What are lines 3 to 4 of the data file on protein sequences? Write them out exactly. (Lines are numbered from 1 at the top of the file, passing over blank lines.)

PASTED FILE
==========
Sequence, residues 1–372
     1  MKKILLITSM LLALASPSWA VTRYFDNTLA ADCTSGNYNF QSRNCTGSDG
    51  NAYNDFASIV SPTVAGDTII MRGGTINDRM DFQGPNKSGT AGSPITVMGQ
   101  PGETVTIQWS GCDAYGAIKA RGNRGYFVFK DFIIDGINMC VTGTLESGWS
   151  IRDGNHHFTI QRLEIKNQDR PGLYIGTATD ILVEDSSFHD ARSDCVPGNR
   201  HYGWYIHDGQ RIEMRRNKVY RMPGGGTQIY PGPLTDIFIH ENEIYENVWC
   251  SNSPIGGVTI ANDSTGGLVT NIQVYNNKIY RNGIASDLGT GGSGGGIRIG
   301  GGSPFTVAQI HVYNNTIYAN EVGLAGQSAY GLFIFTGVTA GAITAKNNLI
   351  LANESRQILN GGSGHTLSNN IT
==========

    51  NAYNDFASIV SPTVAGDTII MRGGTINDRM DFQGPNKSGT AGSPITVMGQ
   101  PGETVTIQWS GCDAYGAIKA RGNRGYFVFK DFIIDGINMC VTGTLESGWS